Optimism that the incoming Democratic administration will take decisive action to address environmental decline is misplaced. An analogy, in terms of the institutional and political backdrop and an alleged public purpose, is the Affordable Care Act. Sentiment amongst its supporters is that the ACA was better than nothing. In fact, the ACA did not improve health outcomes. What it accomplished was to secure the role of health insurance companies as healthcare intermediaries and increase executive pay. Thomas Ferguson’s ‘investment model,’ where policy favors are exchanged for political contributions, well predicted this outcome.

        The urgency of addressing environmental decline raises the conundrum of how to force political solutions by several degrees of magnitude. Electoral rhetoric had it that the Biden administration would be more amenable to political suasion than Donald Trump because Democrats are more ideologically aligned with the environmental Left. Right. It would be a mistake to assume that Democrats couldn’t (wouldn’t) make the current situation worse. The political accomplishment of the ACA was to convince half the electorate that important progress had been made when it hadn’t, and the other half that viewed the program as ‘socialism,’ that socialism doesn’t work.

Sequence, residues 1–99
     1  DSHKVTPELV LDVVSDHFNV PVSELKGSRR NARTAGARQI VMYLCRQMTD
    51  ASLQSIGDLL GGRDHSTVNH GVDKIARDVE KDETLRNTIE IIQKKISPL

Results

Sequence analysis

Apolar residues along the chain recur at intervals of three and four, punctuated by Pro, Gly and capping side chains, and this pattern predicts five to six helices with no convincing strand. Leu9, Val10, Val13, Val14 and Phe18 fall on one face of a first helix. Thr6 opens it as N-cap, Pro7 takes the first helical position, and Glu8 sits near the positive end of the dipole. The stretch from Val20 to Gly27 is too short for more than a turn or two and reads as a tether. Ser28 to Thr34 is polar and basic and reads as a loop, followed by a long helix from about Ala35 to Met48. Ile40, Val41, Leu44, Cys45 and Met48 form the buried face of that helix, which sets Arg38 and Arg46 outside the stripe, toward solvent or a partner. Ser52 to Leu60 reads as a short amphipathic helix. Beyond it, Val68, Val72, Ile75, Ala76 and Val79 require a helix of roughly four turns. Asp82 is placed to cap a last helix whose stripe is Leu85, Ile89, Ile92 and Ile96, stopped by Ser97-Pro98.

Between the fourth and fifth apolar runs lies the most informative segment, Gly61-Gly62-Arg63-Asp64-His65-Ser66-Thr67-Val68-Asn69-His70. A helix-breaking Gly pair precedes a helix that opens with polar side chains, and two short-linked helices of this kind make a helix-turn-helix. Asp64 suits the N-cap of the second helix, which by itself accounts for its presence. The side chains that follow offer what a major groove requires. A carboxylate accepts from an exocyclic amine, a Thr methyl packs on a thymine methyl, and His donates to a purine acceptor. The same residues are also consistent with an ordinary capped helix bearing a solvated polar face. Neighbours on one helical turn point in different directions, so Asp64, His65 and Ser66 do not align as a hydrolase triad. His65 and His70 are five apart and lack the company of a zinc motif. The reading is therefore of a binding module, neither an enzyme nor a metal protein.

• 'We Need to Get Off the Current Road to Hell,' Say Former UN Climate Leaders

        Global ambition to avert climate catastrophe "must shift quickly to another scale, beyond recognition."

      • Noting Nation's Unparalleled Contributions to Global Crisis, 100+ Groups Push Biden to Commit US to 'Fair Share' of Climate Action

        The letter to the president-elect calls for not only rejoining the Paris agreement, but also "bold, equitable, and ambitious emissions reductions and a commitment to support less wealthy countries to do the same."

      • Embracing Ecological Realism

        Does Joe Biden see his mission as merely reclaiming situation normal from Donald Trump? How aware is he of the big, beyond-our-lifetimes future and the crucial need to address climate change? Is he able to acknowledge that human “interests” go well beyond national borders? And if so, how much political traction would he have to have before he could begin turning vision into policy?